Cavalry Operations in the Ancient Greek World by Robert E. Gaebel
This is a thorough and competent overview of the subject working chronologically from the earliest real evidence of Greek cavalry to the Successors of Alexander the Great, with a chapter on Hannibal for good measure.
My main criticism is that I found the analysis over-dependant on Victor Hanson's unconvincing portrait of the Ancient Greeks as an exceptional culture and Phalanx warfare as an exceptional (and somehow egalitarian) activity, but this was not presented to the same extent as in say Hanson's own book in the Cassell History of Warfare series, and doesn't therefore make the book unuseable if you don't happen to share this view.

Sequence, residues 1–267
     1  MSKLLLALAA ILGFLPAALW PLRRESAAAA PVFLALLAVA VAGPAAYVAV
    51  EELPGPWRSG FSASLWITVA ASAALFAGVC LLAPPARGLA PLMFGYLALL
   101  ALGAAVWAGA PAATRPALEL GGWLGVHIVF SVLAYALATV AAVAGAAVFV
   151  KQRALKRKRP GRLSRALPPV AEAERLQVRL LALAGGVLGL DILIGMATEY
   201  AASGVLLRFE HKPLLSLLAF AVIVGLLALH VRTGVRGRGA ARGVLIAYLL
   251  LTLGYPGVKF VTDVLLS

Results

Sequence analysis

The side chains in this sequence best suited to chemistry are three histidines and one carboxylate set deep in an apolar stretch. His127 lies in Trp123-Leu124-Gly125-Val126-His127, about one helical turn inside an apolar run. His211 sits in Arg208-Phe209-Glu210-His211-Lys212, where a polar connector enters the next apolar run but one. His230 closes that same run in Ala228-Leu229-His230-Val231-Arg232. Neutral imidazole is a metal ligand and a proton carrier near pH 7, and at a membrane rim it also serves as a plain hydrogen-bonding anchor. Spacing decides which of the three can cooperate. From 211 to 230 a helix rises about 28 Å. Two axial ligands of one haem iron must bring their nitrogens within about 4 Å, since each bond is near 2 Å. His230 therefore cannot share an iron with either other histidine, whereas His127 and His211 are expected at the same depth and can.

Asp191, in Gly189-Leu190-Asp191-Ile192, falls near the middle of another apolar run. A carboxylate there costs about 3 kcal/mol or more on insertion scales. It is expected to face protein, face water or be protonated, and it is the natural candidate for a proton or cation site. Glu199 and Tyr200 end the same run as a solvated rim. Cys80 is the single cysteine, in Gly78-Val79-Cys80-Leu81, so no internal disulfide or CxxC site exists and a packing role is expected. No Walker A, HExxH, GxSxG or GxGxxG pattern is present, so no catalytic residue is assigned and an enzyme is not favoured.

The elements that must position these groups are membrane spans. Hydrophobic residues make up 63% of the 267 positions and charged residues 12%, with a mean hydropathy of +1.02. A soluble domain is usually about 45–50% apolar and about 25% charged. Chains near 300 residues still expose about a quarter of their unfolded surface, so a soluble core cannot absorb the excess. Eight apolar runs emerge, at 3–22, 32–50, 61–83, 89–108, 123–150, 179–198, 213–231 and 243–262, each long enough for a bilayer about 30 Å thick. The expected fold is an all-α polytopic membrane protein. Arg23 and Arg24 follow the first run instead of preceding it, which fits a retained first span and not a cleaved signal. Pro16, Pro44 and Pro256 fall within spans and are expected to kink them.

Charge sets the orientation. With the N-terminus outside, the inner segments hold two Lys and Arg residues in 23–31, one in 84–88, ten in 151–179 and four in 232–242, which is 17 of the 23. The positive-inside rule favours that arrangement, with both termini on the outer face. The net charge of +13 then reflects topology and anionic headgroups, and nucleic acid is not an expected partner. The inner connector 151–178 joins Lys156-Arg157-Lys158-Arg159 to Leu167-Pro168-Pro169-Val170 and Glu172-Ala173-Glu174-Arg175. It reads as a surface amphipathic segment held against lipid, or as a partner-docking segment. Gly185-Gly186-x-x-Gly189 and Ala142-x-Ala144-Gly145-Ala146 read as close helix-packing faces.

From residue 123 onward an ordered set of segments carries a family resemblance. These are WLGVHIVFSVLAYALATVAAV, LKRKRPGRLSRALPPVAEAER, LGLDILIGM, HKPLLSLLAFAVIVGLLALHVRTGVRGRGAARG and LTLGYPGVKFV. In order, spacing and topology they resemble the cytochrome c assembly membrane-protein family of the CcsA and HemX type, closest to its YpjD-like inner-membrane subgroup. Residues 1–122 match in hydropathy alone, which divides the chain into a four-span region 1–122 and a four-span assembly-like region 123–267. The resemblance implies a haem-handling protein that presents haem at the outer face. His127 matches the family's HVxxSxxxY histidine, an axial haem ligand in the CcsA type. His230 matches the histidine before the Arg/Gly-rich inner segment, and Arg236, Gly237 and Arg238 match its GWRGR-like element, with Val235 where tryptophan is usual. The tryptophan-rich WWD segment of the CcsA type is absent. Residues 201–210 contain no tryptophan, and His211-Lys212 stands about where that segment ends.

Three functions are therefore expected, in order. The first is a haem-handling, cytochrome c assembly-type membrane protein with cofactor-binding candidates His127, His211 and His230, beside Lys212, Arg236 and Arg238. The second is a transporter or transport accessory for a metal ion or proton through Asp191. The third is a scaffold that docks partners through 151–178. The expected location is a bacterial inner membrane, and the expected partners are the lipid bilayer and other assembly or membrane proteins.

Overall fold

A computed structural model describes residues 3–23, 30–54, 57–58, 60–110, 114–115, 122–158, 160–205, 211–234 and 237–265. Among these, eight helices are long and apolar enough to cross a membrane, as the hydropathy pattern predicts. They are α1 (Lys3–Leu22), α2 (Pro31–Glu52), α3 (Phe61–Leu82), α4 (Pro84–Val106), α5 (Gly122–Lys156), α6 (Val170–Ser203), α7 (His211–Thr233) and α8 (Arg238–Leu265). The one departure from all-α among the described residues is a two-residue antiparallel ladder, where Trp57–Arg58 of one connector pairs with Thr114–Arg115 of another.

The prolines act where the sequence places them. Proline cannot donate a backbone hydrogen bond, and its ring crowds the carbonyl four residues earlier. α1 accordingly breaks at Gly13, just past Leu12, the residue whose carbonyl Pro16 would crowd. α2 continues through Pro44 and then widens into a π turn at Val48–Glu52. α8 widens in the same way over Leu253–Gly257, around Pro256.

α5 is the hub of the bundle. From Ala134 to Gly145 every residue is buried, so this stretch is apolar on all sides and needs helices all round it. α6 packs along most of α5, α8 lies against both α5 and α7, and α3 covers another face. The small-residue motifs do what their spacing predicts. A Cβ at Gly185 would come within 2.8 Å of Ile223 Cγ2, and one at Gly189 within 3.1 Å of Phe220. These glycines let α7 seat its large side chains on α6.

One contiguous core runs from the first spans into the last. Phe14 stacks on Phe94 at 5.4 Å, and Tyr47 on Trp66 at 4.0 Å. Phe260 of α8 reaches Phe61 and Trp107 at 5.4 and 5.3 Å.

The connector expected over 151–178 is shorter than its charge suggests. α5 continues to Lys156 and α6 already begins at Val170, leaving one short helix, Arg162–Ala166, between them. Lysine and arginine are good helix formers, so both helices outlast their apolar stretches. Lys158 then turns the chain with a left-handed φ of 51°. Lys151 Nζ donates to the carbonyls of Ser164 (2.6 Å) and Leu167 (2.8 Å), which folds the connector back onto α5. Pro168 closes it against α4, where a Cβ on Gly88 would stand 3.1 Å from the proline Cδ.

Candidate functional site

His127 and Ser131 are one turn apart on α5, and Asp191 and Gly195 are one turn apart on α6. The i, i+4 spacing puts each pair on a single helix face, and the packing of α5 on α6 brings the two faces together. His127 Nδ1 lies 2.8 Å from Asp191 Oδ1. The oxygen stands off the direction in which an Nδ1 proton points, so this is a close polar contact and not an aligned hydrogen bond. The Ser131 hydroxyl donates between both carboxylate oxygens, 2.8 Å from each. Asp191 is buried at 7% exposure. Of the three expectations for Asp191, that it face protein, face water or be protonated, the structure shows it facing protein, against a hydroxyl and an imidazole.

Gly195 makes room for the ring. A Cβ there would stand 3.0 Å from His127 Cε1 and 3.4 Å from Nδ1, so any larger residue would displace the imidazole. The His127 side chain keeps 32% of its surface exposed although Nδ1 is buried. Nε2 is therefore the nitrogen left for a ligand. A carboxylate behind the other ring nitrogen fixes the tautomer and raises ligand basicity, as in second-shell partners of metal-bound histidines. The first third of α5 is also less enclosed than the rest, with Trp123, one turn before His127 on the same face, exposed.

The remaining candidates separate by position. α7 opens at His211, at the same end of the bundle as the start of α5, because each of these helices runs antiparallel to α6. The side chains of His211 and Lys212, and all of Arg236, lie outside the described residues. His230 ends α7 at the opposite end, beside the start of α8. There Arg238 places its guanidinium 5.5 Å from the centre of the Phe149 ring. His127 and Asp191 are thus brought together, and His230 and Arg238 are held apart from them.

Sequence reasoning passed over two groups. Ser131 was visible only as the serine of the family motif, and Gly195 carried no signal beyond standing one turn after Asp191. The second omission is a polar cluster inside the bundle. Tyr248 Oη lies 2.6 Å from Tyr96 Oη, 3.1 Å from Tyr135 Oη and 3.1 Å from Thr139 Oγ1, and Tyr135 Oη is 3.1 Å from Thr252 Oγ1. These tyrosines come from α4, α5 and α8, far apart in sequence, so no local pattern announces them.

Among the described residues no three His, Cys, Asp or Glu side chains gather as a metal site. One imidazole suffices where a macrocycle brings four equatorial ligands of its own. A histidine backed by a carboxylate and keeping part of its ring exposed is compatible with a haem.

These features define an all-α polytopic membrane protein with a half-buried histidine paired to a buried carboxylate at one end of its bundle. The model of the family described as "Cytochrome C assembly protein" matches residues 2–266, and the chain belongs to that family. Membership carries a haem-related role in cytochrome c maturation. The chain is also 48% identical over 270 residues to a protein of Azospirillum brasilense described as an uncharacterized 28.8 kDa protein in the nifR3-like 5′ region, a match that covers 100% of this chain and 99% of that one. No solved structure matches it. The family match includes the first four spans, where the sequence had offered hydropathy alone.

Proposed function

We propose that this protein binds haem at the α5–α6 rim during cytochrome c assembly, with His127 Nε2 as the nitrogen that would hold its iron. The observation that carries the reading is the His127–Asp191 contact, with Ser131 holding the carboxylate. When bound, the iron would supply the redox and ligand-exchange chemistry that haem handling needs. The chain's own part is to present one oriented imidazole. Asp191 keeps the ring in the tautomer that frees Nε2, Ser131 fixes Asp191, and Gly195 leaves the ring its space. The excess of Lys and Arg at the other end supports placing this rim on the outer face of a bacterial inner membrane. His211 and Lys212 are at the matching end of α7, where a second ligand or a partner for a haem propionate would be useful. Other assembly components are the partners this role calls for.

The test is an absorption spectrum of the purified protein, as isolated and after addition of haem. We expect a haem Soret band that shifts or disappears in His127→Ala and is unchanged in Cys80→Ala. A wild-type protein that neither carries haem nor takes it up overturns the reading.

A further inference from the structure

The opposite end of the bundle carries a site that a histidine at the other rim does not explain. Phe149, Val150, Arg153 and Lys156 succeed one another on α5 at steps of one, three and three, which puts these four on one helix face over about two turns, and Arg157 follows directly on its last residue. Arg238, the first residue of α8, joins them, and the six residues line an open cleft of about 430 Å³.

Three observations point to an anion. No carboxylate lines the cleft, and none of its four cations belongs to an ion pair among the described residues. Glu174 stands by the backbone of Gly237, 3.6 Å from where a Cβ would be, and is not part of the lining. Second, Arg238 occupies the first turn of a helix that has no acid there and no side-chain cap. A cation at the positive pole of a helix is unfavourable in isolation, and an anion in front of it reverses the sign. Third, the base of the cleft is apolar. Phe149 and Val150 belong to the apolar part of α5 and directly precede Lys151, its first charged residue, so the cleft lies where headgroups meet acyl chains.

On the positive side is the author's very balanced view of the importance of cavalry, which draws out both the effectiveness of cavalry in the earliest era and their continuing limitations even under Alexander and the Successors. He is interested in more than just charging on the battlefield and demonstrates a healthy scepticism about the technological constraints (such as lack of stirrups) which are sometimes held to have impeded cavalry in this period.
I don't think its changed my life, but this is a book well worth buying.